Facebook at seven: The business case
Facebook has turned seven, but has it developed into a great place to support outside businesses' needs?
ANALYSIS Over the last seven years, Facebook has undergone practically incalculable changes.
It was recently valued at a whopping $50 billion (31 billion), so Mark Zuckerberg must be doing a lot right.
But to make a profitable business, you need other firms to get involved and that's exactly what has happened.
So in what ways can businesses use Facebook? And what are the risks involved?
Getting in touch
The key area businesses should be looking to leverage Facebook in all its glory is through customer interaction.
There are a plethora of ways companies can use the service to drive sales. Firms could use a page to spread brand awareness, for example, or put out some targeted ads to interact with people.
"On Facebook the benefit is the scale and the relevance of those ads," a Facebook spokesperson told IT PRO.
"Ads and content can be tailored quite specifically, targeting people in certain locations, or making sure an ad is relevant according to their likes and interests."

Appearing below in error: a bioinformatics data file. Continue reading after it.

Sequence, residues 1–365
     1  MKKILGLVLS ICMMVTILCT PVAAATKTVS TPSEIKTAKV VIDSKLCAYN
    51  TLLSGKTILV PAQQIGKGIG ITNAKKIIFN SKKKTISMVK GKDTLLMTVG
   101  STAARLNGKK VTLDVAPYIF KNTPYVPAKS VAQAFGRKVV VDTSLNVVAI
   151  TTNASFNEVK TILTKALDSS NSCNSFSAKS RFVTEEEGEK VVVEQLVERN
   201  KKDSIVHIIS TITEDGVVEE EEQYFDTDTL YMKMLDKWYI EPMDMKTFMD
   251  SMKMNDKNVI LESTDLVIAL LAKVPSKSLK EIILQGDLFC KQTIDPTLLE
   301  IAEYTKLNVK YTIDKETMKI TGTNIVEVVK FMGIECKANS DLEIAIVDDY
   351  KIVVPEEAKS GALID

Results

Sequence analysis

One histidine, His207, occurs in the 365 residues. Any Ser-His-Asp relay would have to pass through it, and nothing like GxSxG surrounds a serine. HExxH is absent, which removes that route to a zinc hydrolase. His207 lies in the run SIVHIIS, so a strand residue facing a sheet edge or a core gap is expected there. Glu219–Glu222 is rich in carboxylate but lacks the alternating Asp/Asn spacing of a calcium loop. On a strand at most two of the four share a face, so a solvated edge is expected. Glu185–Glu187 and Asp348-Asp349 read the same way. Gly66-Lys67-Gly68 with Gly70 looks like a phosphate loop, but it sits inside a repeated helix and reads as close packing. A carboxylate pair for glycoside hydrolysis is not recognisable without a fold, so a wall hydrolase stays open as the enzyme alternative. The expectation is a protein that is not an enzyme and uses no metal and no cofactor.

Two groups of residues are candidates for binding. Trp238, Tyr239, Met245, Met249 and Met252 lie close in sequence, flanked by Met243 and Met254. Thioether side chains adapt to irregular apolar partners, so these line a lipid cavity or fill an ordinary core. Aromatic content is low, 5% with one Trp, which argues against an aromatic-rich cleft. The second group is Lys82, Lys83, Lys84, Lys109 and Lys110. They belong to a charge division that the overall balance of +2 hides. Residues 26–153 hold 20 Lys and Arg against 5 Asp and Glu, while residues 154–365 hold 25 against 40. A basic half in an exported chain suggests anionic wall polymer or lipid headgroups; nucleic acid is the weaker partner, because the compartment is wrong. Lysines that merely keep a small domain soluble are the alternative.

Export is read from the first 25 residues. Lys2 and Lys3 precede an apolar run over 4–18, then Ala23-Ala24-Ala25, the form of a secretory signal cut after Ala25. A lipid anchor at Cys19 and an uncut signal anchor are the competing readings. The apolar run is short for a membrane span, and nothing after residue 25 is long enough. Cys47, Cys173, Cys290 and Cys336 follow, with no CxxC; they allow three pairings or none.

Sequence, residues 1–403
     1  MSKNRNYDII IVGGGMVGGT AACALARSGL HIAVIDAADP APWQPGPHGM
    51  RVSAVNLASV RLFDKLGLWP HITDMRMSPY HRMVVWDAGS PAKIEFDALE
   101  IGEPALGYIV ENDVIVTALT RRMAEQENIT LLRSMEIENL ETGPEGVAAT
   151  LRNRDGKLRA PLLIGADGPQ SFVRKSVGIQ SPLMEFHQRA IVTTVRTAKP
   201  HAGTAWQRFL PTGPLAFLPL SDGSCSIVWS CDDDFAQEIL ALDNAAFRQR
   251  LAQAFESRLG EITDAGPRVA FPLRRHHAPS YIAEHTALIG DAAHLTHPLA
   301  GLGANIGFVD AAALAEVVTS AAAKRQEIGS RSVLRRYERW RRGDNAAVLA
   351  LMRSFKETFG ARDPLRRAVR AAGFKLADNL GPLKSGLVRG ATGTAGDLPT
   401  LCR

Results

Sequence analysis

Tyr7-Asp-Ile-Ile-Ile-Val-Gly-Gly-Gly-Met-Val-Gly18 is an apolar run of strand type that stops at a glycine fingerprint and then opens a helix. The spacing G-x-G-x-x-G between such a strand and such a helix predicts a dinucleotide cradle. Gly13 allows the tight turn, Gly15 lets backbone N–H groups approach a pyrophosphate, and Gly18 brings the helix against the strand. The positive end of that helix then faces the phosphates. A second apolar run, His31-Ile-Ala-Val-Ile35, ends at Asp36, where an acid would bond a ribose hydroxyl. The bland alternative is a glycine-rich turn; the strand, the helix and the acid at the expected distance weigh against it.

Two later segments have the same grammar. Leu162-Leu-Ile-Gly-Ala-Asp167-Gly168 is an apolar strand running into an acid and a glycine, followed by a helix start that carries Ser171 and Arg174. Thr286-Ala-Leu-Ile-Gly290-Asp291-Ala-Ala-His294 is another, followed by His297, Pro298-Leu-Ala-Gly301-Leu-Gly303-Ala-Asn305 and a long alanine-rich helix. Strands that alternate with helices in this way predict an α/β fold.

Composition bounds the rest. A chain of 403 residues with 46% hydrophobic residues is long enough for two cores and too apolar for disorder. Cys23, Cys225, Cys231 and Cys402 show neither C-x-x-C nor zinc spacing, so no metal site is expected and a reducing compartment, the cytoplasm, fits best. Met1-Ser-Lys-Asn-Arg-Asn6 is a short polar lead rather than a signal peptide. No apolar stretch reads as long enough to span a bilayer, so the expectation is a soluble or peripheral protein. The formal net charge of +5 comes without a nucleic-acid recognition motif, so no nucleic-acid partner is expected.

Businesses can choose to use a page, ads, apps, or implement Facebook's open graph API or social plugins on their own websites, such as letting people like' certain content.
Approximately 50 million likes' are put out every day, indicating the power of such a little feature.
Facebook also recently launched its Deals service, letting firms market to consumers using socially and geographically relevant offers that can drive foot traffic to businesses.
"The web is being rebuilt around people and we are witnessing the evolution from the information web to the social web," the Facebook spokesperson added.
"Today there are more than 500 million Facebook profiles worldwide, more than the number of web pages on the whole of the internet, so marketing needs to reflect this shift and put people at the centre of their marketing."
Cluley liking Facebook?
Even Graham Cluley, Sophos senior technology consultant and regular scruntiniser of Facebook, said companies simply could not afford to turn their backs on the social network.
"The fact is that Facebook is an unstoppable force and becoming an essential part of the internet," Cluley told IT PRO.
"If your company stays away from Facebook then you're giving your competitors who are on the site a competitive advantage."
He said Facebook offered businesses the chance to get closer to customers without shelling out much money.
"For more and more young people Facebook is the internet, and their primary method of communication," Cluley added.
"So you need to be part of the social networking conversation, and should have a presence on the sites to engage with you audience."
Cluley barely even mentioned any security threats facing the service - something he is fairly keen on.
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